My Favorite EVE Media (Version 2.0)

Almost two years ago, I posted a few thoughts about what I think makes a good weblog or podcast for EVE Online. Being a bit of a "news junkie" in Real Life, my habit of scanning multiple sites for the latest information seeped into my Internet spaceships hobby, and I now review routinely a regular regimen of reliable resources for reflections on New Eden.

My repertoire of EVE Online media has expanded a bit over the last couple of years. I've updated my list of EVE media links on this humble blog to show the sources that I check frequently for updates. These sites have proven to be consistently informative, entertaining, or both, and I can recommend them without reservation.

Thank you, Total Eve!

I've seen a resurgence of EVE media sites over the last year, and my list of recommended sources has expanded. I'm now discovering a new EVE-related blog or podcast every week, and it's becoming more difficult to keep up with them all.

Thus,  it was inevitable that an ultra-handy idea like Total Eve! would appear. This has become my initial starting point for my daily review of EVE media sources. It's a simple concept - Total Eve! provides, in one convenient page:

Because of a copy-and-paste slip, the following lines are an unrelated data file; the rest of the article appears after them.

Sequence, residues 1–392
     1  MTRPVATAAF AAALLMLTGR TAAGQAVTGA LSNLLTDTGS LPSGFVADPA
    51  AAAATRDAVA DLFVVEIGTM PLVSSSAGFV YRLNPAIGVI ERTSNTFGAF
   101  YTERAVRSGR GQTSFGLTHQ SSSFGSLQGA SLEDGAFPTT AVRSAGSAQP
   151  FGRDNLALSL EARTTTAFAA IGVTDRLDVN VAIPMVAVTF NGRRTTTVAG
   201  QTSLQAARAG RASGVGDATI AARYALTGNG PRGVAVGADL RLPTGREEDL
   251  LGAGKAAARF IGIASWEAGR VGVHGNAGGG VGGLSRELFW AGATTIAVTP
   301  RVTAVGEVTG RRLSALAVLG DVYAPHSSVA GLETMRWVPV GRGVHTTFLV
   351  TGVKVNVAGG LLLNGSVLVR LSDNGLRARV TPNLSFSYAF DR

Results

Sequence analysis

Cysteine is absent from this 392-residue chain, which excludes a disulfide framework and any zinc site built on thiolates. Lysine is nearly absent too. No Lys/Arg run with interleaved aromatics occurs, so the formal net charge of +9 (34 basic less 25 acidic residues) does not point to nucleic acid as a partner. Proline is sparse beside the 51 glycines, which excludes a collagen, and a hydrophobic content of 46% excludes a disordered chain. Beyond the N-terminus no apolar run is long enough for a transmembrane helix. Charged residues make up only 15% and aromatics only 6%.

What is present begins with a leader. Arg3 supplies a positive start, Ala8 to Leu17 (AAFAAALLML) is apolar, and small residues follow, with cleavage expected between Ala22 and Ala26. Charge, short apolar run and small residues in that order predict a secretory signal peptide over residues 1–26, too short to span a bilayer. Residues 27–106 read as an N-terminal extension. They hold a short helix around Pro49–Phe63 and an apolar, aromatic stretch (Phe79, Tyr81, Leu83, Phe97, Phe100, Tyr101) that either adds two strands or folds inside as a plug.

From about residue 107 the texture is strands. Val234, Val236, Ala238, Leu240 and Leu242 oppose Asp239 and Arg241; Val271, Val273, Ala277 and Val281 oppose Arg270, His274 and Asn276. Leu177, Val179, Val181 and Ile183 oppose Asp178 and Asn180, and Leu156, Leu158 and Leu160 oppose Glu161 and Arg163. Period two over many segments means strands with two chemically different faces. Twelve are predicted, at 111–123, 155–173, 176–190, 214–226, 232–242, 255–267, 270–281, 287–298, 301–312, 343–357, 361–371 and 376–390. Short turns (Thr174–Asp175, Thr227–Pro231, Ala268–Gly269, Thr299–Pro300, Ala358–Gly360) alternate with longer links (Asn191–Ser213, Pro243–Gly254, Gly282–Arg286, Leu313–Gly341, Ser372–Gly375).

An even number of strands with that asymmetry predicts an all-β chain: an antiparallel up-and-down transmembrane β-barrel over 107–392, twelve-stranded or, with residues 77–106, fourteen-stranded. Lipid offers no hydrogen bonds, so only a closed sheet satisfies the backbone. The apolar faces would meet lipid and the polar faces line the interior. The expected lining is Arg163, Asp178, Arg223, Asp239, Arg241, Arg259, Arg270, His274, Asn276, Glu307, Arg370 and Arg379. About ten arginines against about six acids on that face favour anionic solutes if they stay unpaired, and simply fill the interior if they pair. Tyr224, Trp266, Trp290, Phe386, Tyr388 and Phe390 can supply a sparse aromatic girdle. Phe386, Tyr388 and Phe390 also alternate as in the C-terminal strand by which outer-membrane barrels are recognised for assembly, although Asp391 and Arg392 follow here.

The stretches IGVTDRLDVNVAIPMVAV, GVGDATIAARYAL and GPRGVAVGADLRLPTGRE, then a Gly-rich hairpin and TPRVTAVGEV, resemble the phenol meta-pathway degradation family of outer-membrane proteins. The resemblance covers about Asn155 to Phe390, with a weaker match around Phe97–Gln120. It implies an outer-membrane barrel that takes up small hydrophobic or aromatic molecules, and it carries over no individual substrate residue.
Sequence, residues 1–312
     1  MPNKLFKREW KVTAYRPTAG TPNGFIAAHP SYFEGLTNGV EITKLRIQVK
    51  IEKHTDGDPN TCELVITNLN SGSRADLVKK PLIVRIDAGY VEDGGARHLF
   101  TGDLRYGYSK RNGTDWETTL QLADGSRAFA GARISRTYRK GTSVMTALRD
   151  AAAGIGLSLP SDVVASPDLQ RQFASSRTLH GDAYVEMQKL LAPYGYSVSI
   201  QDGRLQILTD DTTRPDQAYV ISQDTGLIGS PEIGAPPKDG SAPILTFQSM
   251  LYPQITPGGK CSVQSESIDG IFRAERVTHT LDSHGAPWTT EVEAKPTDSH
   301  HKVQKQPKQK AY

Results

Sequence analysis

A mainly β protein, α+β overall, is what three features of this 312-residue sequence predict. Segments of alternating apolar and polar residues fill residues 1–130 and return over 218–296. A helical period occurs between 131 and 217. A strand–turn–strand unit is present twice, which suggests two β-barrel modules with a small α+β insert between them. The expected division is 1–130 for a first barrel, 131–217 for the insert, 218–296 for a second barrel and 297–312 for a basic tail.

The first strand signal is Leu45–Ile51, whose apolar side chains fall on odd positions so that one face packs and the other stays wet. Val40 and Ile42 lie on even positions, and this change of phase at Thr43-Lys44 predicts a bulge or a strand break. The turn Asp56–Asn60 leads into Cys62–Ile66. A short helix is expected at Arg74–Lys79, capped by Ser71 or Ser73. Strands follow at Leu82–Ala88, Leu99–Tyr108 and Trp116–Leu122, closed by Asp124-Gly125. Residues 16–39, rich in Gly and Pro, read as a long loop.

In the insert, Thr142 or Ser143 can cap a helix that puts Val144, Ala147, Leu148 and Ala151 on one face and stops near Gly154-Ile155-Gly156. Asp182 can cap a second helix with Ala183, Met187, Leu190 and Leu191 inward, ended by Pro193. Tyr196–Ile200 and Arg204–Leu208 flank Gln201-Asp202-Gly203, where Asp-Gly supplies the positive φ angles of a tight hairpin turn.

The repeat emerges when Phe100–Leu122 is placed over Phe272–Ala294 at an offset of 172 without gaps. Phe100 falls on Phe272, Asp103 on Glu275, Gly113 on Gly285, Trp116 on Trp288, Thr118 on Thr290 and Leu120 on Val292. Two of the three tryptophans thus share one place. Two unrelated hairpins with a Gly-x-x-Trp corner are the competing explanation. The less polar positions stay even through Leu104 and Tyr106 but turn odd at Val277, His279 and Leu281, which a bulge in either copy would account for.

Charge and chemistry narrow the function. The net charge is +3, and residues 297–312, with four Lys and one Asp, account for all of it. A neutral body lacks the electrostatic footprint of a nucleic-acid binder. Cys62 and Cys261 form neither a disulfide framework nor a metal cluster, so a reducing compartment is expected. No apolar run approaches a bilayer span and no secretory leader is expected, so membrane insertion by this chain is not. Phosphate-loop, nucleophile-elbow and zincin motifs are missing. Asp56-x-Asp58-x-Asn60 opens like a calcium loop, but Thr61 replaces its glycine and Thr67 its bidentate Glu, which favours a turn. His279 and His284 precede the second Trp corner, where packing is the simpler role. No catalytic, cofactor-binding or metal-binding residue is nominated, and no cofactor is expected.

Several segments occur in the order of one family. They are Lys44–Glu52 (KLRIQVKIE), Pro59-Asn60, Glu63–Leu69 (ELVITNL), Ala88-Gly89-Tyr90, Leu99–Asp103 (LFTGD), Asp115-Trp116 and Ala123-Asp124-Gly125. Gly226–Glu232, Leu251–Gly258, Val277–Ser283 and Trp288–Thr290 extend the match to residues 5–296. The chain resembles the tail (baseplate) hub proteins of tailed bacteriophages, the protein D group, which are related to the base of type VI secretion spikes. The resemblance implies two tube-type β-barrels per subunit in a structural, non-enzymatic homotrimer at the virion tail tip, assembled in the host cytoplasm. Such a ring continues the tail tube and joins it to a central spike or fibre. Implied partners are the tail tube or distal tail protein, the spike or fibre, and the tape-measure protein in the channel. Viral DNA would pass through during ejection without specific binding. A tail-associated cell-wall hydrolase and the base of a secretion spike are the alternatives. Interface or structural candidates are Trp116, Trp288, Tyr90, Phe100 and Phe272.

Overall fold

Total EVE! is the creation of  Wiggles and Dirk Macgirk, two well-known members of the EVE podcasting community, who decided it was time for a "Drudge Report"-like compendium for EVE Online media sources.

Total Eve! a great time-saver, if you are a frequent surveyor of EVE media sites, like me. Be sure to add it to your list of favorite bookmarks on your browser.

I heart #tweetfleet

If you are an avid EVE Online player, and you are not monitoring #tweetfleet posts on Twitter, you are missing out on perhaps the best media source for capsuleers. I set up a new Twitter account for my in-game character, Neville Smit, and use this to monitor the ebb and flow of the community's thoughts about our favorite game.

Though the official tag for indicating an EVE-related Tweet is #EVEOnline, you actually get more player attention if you use #tweetfleet. This isn't just a mechanism for designating Tweets of interest to EVE Online fans - it is also a community, and an endlessly interesting organism to observe.

While some #tweetfleet tagged posts are trivial banter, similar to what you might see in Local chat in game, most are useful bits of news and links to helpful sites. CCP devs and GMs are amazingly accessible via #tweetfleet, especially those in the community development team. If EVE Online is having a technical issue, #tweetfleet is the first place I go - and there is always a timely post from a dev explaining the current status, updated in real time.

My #Tweetfleet hat that I received as a gift at Fanfest this year, courtesy of General Stargazer.

The #tweetfleet conversation never ends - nor does it lack in diversity of content. EVE media authors post links to their updated blogs and podcasts. CSM members exchange views and opinions with players. Devs share little slices of life from their daily endeavors. The lore experts speculate on what in-game developments mean. Players poke fun at each other - or rally to their support in times of need.